They're always a bit behind the times.
It's a wonderful place, with caring teachers, big jars of tempura paint, and kid-size nooks and crannies. For three days a week, Owen gets to live in a larger world, one that belongs solely to him.
I wasn't prepared to feel any emotion about this. It's the same school, with most of the same friends as last year. It's preschool, for Pete's sake.
But--My God--where is my baby?
I didn't know that he could be so protective.
When I pick him up three hours later, I ask, "Which friend did you like seeing the most?"
He replies, "You, Mommy."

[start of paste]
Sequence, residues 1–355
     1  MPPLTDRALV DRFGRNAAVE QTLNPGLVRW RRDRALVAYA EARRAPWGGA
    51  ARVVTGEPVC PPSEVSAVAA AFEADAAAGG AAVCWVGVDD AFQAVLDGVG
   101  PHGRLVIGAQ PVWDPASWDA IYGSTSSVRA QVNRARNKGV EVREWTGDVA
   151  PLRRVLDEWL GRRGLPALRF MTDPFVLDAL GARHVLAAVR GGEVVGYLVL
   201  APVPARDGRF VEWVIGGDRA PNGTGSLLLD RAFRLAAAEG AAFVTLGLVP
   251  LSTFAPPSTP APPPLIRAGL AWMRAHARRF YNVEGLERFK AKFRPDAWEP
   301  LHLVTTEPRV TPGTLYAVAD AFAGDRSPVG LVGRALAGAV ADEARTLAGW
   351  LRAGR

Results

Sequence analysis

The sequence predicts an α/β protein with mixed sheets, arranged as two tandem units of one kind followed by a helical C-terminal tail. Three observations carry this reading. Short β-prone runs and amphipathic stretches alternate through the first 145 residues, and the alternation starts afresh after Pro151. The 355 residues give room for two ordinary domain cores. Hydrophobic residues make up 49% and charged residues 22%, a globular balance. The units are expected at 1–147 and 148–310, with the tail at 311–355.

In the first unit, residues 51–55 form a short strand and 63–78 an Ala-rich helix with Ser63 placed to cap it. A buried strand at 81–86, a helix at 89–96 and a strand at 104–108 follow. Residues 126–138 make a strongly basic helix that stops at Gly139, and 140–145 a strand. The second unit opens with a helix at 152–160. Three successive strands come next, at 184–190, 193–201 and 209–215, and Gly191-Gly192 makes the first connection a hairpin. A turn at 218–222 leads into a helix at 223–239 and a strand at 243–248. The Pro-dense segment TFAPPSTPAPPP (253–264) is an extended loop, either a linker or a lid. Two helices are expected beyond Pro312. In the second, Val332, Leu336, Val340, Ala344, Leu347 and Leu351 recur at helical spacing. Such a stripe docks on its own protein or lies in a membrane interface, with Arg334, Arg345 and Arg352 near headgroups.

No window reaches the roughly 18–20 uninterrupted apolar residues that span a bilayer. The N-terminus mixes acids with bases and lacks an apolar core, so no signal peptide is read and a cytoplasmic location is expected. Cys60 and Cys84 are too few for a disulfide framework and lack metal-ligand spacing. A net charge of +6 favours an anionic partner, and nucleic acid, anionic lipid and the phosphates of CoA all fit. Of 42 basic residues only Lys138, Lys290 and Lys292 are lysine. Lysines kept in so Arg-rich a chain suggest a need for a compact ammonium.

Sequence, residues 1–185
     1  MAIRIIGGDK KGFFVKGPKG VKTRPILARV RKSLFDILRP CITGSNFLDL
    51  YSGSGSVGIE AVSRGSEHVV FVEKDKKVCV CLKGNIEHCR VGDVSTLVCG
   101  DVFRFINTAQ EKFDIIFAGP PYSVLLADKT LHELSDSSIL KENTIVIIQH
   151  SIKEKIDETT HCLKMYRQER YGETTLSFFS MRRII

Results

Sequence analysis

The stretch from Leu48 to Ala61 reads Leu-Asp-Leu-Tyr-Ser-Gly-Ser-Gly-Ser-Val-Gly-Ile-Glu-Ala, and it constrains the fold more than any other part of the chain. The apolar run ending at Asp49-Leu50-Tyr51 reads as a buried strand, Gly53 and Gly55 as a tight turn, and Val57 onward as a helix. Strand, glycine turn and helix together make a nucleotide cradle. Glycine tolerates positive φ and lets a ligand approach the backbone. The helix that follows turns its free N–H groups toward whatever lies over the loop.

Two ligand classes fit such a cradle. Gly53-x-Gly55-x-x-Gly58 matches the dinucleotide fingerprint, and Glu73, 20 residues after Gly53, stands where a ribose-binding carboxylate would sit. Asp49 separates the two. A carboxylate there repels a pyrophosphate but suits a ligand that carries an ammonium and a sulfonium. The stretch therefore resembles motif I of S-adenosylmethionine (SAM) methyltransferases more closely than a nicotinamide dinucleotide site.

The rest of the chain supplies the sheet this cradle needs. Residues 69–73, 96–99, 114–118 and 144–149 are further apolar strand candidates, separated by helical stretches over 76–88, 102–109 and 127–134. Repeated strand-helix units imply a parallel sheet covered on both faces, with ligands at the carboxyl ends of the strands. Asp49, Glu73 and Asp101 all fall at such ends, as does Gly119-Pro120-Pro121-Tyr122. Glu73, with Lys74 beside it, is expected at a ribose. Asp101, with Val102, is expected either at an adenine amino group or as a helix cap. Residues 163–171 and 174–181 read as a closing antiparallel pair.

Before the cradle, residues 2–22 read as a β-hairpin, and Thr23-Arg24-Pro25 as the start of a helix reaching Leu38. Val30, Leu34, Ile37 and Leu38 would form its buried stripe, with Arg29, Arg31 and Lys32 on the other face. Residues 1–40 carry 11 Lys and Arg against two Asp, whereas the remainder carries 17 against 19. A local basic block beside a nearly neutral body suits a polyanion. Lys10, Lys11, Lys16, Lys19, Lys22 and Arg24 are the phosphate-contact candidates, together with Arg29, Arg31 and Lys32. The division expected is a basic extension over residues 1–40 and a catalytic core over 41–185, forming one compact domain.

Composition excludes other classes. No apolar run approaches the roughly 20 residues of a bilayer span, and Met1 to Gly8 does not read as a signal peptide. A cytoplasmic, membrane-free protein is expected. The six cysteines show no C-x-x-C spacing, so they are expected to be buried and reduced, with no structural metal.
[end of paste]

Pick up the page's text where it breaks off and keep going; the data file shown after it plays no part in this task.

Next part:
When Owen was just a distant hope, I taped this poem to the wall by my desk at work.
Every time I read it, I dreamed of being a mother:
Clownlike, happiest on your hands,
Feet to the stars, and moon-skulled,
Gilled like a fish. A common-sense
Thumbs-down on the dodo’s mode.
Wrapped up in yourself like a spool,
Trawling your dark as owls do.
Mute as a turnip from the Fourth
Of July to All Fools’ Day,
O high-riser, my little loaf.
Vague as fog and looked for like mail.
Farther off than Australia.
Bent-backed Atlas, our traveled prawn.
Snug as a bud and at home
Like a sprat in a pickle jug.
A creel of eels, all ripples.
Jumpy as a Mexican bean.
Right, like a well-done sum.
A clean slate, with your own face on.
My Owen. My son. My beautiful clean slate.